Mel Gibson's Apocalypto is pointlessly, incompetently brutal.

Mel Gibson's new film, Apocalypto, is a rancid salmagundi that mixes the Raiders of the Lost Ark trilogy, The Fugitive, and the Three Stooges into one of the most punishing movie experiences of the year. It's the cinematic equivalent of being held down by older siblings while they dangle ropes of spittle above your forehead.

Gibson's intentions are suspicious immediately. After a solemn Will Durant quotation about conquered societies that destroy themselves before outsiders come to destroy them -- is Gibson trying to justify the rapacity and savagery of the European explorers by showing us that the New World's original inhabitants were nasty too? -- Apocalypto's opening scenes depict the everyday lives of a peaceful, jocular tribe who live and hunt among the bright green foliage of the Mexican jungle. Alas, their peaceful existence is interrupted by a sneak attack from a vicious warrior army, which captures the villagers and sells them as slaves. The film's hero is the villager-turned-prisoner Jaguar Paw, who risks certain death and narrative plausibility countless times as he tries to return home to his wife and son, whom he has hidden in a well near the ashes of his former village.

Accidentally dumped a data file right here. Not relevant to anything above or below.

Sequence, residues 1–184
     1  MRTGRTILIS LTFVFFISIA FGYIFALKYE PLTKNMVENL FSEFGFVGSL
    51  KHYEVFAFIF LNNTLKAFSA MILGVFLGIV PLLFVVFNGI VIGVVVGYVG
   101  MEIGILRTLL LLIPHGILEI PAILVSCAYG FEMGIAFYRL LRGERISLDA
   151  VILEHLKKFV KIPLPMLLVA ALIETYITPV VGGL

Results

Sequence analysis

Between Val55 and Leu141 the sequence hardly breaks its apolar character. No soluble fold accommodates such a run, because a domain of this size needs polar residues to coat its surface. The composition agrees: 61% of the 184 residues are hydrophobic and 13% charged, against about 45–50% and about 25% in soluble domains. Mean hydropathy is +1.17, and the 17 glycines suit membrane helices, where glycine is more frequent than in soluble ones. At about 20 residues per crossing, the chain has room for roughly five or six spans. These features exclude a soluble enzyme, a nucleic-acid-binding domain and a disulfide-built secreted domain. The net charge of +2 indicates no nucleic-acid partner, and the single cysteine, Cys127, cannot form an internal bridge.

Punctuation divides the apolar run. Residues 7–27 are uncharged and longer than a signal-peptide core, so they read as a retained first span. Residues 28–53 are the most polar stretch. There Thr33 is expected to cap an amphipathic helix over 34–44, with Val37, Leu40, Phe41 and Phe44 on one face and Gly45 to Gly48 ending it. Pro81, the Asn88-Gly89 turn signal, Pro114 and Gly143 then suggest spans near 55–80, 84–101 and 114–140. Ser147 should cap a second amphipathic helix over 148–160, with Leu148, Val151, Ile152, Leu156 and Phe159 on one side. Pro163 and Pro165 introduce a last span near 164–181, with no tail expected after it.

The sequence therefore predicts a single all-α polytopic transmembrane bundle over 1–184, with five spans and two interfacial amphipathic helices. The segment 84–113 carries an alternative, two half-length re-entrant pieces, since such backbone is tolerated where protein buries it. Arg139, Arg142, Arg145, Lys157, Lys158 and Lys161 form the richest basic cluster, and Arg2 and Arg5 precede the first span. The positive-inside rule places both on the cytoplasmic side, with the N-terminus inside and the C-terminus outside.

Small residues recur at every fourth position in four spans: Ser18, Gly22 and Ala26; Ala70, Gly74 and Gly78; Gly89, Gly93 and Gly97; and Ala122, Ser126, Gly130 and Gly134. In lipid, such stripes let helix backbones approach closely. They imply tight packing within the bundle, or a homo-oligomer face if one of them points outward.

As a human drama, Apocalypto is shallow even by the standards of the most calculating blockbuster. Fear is a weakness, and revenge is the only sustenance a starving prisoner needs. As an adventure story, the film is contrived at best and ludicrous at worst. How many starving prisoners can outrun a jaguar in the jungle? As a historical epic and anthropological inquiry, the film is a disgrace. To pick one example, the so-called Mayan sacrificial rituals are actually much closer to Aztec practices. Gibson's inattention to such cultural differences is consistent with the still-shameful history of American adventure-film casting, where the word "Indian" means "savage" or "person in a loincloth" or, at the very least "someone with reddish-brown skin." But maybe audiences don't want cultural knowledge or historical understanding. Judging from the financial success of Gibson's previous film, The Passion of the Christ, maybe all they want are troughs and troughs of gore, often filmed in shocking close-up and hammered home with as many sinew-splitting and bone-crunching sound effects as possible.

Let's start with the animal-based brutality: A tapir is impaled on a gruesome trap, a mother uses insect heads to cauterize a son's wound, small animals are tortured by heartless city children, a woman beats a monkey to death, and a jaguar is speared by some angry savages. Gibson also lingers on the human atrocities with psychotic concentration: A man's temple is cut to reduce the swelling from a blow to the head, a man crashes into the rocks beneath a waterfall, and a jaguar (remember him?) gnaws a hunter's face off. There are throat-slittings, disembowelments, beheadings, organs ripped steaming from victims, you name it. Oh, and the tapir-trap gag is reprised as well. Either this catalog of atrocities will thrill you or disgust you; I was disgusted and then bitterly bemused by the onslaught of Gibson's brutalities.

From any perspective, Apocalypto is a work of staggering incompetence.


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